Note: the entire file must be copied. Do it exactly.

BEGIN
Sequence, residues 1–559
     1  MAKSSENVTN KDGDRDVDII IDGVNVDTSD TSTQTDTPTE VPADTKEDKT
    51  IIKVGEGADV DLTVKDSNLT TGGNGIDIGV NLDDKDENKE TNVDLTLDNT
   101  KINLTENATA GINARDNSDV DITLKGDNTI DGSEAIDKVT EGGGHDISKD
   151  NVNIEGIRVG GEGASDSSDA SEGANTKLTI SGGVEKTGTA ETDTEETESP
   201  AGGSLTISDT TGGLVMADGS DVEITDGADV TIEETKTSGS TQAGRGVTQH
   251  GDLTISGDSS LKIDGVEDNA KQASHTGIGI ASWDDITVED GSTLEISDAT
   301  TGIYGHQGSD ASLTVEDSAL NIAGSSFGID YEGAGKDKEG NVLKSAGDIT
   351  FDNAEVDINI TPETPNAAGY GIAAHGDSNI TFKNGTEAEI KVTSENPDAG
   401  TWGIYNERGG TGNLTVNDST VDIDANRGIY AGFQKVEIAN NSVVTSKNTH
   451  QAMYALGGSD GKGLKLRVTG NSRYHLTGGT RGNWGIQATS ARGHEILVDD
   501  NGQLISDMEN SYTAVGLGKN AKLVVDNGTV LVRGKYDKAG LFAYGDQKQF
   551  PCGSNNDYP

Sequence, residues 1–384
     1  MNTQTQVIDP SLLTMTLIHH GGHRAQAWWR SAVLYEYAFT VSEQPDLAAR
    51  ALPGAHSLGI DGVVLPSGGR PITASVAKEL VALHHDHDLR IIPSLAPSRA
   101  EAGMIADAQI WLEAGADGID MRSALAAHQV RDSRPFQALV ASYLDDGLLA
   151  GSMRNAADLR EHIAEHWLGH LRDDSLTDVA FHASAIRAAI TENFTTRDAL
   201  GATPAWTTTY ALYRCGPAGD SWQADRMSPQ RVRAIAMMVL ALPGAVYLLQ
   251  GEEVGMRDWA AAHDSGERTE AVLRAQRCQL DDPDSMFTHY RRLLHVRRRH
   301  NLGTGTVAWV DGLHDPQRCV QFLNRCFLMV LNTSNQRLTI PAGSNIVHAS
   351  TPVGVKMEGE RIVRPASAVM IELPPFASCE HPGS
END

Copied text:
Sequence, residues 1–559
     1  MAKSSENVTN KDGDRDVDII IDGVNVDTSD TSTQTDTPTE VPADTKEDKT
    51  IIKVGEGADV DLTVKDSNLT TGGNGIDIGV NLDDKDENKE TNVDLTLDNT
   101  KINLTENATA GINARDNSDV DITLKGDNTI DGSEAIDKVT EGGGHDISKD
   151  NVNIEGIRVG GEGASDSSDA SEGANTKLTI SGGVEKTGTA ETDTEETESP
   201  AGGSLTISDT TGGLVMADGS DVEITDGADV TIEETKTSGS TQAGRGVTQH
   251  GDLTISGDSS LKIDGVEDNA KQASHTGIGI ASWDDITVED GSTLEISDAT
   301  TGIYGHQGSD ASLTVEDSAL NIAGSSFGID YEGAGKDKEG NVLKSAGDIT
   351  FDNAEVDINI TPETPNAAGY GIAAHGDSNI TFKNGTEAEI KVTSENPDAG
   401  TWGIYNERGG TGNLTVNDST VDIDANRGIY AGFQKVEIAN NSVVTSKNTH
   451  QAMYALGGSD GKGLKLRVTG NSRYHLTGGT RGNWGIQATS ARGHEILVDD
   501  NGQLISDMEN SYTAVGLGKN AKLVVDNGTV LVRGKYDKAG LFAYGDQKQF
   551  PCGSNNDYP

Sequence, residues 1–384
     1  MNTQTQVIDP SLLTMTLIHH GGHRAQAWWR SAVLYEYAFT VSEQPDLAAR
    51  ALPGAHSLGI DGVVLPSGGR PITASVAKEL VALHHDHDLR IIPSLAPSRA
   101  EAGMIADAQI WLEAGADGID MRSALAAHQV RDSRPFQALV ASYLDDGLLA
   151  GSMRNAADLR EHIAEHWLGH LRDDSLTDVA FHASAIRAAI TENFTTRDAL
   201  GATPAWTTTY ALYRCGPAGD SWQADRMSPQ RVRAIAMMVL ALPGAVYLLQ
   251  GEEVGMRDWA AAHDSGERTE AVLRAQRCQL DDPDSMFTHY RRLLHVRRRH
   301  NLGTGTVAWV DGLHDPQRCV QFLNRCFLMV LNTSNQRLTI PAGSNIVHAS
   351  TPVGVKMEGE RIVRPASAVM IELPPFASCE HPGS